Students ask many of the questions that lead to my blogs. They deserve the credit for good questions and valuable feedback. This time, I am actually using the input from several recently credentialed former students. Kudos to the dozen or more who have achieved the PMP credential from November 2014 through January 2015. I should recognize each by name, but would likely miss a few who are still out celebrating and have not had a chance to share their success.
The PMI Code of Conduct and Ethics, available in eleven languages, prohibits us from sharing specific exam questions. The content that follows will help you in your preparation – even if we don’t give you the precise answers.
You should always start your exam prep by reviewing materials on the Project Management Institute website. Check out all the certifications, or focus on the PMP. To prepare for the application and test process, you need to download the Project Management Professional (PMP)® Handbook. This is not the Project Management Body of Knowledge 5th Edition – you will need the latter to study for the test. The PMP Handbook provides the application, audit, testing and renewal processes for candidates and credentialed project managers. The Handbook is occasionally updated, so it never hurts to acquire the most recent copy. I keep an electronic copy on my jump drive as a source for answering student questions.
We provide an overview of the application and testing process in our CAPM/PMPC preparation course.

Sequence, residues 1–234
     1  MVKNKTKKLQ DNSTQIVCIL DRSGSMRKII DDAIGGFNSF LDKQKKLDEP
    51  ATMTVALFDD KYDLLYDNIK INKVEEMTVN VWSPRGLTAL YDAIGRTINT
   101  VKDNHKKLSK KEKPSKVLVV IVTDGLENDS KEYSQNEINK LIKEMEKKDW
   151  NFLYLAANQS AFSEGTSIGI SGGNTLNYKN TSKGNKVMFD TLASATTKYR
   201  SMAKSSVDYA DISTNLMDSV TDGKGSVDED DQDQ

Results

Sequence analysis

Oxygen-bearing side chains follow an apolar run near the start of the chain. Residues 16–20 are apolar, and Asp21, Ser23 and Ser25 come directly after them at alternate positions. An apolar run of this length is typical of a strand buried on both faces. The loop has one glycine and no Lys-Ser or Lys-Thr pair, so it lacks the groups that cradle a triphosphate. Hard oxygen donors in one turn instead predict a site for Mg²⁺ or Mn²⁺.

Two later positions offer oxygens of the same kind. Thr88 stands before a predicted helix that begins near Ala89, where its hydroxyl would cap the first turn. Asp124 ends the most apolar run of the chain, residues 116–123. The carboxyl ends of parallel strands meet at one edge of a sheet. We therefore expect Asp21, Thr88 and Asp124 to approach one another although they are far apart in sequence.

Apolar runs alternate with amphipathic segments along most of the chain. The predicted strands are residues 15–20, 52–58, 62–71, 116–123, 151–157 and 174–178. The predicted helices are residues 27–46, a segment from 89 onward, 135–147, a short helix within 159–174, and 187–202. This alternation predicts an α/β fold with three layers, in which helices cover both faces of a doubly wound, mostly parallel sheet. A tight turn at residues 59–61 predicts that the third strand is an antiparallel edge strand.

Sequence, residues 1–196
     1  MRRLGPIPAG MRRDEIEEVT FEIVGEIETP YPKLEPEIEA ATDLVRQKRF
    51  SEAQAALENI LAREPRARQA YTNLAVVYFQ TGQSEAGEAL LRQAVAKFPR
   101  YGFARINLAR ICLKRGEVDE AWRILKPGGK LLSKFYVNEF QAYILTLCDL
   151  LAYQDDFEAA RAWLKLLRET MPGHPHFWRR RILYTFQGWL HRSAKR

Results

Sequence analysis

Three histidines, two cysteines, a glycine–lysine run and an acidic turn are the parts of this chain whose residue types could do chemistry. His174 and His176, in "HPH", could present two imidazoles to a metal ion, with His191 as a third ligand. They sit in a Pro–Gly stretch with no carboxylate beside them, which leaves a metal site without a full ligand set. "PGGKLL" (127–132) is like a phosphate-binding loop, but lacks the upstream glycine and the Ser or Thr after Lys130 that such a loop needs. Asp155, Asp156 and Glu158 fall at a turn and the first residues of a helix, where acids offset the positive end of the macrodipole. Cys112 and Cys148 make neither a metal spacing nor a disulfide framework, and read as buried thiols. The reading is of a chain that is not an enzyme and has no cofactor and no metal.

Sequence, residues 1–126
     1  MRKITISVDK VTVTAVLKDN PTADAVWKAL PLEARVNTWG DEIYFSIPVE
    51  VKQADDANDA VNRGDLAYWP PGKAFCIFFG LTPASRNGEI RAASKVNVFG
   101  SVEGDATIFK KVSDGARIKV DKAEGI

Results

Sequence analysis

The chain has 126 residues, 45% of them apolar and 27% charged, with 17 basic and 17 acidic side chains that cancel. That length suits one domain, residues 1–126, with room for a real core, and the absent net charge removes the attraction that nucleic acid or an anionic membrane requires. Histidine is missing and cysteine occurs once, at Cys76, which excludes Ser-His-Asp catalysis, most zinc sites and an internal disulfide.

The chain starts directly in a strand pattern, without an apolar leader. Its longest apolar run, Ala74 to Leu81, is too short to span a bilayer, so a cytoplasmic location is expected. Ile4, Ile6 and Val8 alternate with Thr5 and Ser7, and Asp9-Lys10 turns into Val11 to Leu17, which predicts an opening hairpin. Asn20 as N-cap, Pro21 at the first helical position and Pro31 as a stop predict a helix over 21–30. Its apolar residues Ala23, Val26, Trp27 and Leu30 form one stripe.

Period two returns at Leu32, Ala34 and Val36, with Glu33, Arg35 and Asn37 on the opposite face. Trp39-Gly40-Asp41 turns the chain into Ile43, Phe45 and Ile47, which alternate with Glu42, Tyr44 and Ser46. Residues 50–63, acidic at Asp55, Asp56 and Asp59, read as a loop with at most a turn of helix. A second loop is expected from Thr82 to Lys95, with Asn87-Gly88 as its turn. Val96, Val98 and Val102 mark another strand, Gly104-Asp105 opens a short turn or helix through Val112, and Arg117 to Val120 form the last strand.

A few process and timing items have changed, and recent credential earners have shared their insight.
Using a spreadsheet to determine your hours across the five process groups, and calculating your hours so that they do not ‘overlap’ (effectively resulting in double reporting), clearly helps with application preparation. Gathering your information before starting the online application appears to help, or at least ease concerns, as the forms are completed. You can download the application form as a guideline for content collection.
Only one recent student was audited, and suggested that the process was straight forward since they had gathered and reviewed all their materials in advance.
The application and voucher process does not appear to have changed. No one cited difficulty scheduling their exam date.
You are not allowed to bring any materials into the exam. Paper and pencils are provided. Thus I encourage every candidate to memorize formulas or content to be ‘brain dumped’ onto one of the blank sheets of paper just before you begin the exam.